Sometimes it seems that all it takes to strike gold or discover oil is to declare a place a protected area. Looking around the world, a surprising number of protected areas have attracted the interest of oil, gas, and mineral companies. The same applies to unprotected natural forests of high value for conservation and forests where indigenous people live. This creates major dilemmas. Often there are no "win-win" solutions. Oil and minerals may provide a lot of income, but at the expense of natural habitats and the well being of certain local groups. You can minimize the negative environmental and social impacts of extracting these products in forest areas, but you cannot eliminate them. That leaves governments with hard decisions about whether to allow these activities to go forward; and they generally have few practical tools to help them in that process. That is why WWF asked Nigel Dudley and Sue Stolton to write "To Dig or Not to Dig, Criteria for Determining the Suitability or Acceptability of Mineral Exploration, Extraction, and Transport from Ecological and Social Perspectives". The paper gives governments and companies clear guidance about when to prohibit extractive activities, when to sharply restrict them, and when to apply only standard operating rules. This follows on an earlier set of more general recommendations approved at the IUCN world congress in Amman Jordan two years ago.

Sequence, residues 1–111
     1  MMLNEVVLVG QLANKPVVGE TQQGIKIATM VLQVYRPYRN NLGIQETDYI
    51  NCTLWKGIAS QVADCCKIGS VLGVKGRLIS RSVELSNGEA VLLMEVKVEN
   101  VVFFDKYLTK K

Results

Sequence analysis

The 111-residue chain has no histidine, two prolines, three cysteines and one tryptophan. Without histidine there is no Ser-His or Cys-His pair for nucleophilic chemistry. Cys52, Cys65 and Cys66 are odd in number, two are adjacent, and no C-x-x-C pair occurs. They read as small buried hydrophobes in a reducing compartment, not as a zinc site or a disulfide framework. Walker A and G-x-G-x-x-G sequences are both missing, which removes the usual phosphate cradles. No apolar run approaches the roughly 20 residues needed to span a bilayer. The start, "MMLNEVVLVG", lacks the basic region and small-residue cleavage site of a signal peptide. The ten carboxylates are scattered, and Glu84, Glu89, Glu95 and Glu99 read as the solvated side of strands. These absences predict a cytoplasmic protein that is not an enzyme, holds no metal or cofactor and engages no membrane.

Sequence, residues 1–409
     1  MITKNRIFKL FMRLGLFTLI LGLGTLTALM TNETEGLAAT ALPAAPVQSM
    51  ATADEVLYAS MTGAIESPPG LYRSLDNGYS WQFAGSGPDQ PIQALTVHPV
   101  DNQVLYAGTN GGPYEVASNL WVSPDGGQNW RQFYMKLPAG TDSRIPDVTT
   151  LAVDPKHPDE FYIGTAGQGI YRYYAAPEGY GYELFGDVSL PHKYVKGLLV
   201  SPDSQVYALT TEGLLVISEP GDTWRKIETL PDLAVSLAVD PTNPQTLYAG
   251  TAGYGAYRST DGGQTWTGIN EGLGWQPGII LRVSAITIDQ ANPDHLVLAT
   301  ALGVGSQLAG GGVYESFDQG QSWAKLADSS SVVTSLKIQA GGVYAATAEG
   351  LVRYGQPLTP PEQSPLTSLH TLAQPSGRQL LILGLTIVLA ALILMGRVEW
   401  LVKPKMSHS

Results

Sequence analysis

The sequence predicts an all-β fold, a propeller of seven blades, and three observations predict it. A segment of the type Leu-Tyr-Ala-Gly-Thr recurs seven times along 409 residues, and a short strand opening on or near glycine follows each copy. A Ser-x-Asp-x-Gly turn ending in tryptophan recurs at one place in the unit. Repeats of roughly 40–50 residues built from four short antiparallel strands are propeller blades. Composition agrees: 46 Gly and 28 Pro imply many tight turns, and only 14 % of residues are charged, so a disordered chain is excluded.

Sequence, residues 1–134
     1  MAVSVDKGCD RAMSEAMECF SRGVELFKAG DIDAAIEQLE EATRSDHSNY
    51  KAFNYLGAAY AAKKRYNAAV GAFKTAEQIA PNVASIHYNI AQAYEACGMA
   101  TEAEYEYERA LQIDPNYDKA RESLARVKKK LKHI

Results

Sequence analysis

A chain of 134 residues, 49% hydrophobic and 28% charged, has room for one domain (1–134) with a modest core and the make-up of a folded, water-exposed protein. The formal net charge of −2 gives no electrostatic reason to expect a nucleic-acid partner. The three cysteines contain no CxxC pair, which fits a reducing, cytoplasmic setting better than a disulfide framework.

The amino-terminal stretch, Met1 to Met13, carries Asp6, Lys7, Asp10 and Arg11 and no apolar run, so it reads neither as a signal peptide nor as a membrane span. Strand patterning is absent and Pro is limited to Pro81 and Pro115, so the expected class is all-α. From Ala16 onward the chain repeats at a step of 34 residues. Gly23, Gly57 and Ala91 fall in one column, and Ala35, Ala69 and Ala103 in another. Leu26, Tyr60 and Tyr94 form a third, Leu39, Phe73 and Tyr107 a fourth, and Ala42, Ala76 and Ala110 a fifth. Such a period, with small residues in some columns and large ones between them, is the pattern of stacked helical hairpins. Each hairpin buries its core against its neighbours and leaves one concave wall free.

The authors say no mining or drilling should take place in highly protected areas or in sites outside protected areas that either have high conservation value and a serious risk that such activities will cause major permanent losses to biodiversity or where social assessments have identified that human welfare is likely to suffer. In locations that have "significant", as opposed to "high", protection status and conservation values, governments should only allow mineral activities if critical ecological and social issues can be adequately addressed. In other areas it should be enough to get companies to follow normal best practices. The paper provides concrete indicators that allow governments and companies to assess specific cases and decide how to proceed.
No one can really say if the authors are right or wrong. Cost – benefit analysis and similar economic techniques typically provide surprisingly few useful insights when it comes to decisions like this. Ultimately, it comes down to each person or group’s individual preferences. At least with this new document WWF has provided a clear, coherent and practical set of guidelines that governments and companies can follow if they chose to do so.
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To request free electronic copies of the paper or to send comments to the authors you can write Maria Boulos at: mailto:MBoulos@wwfint.org.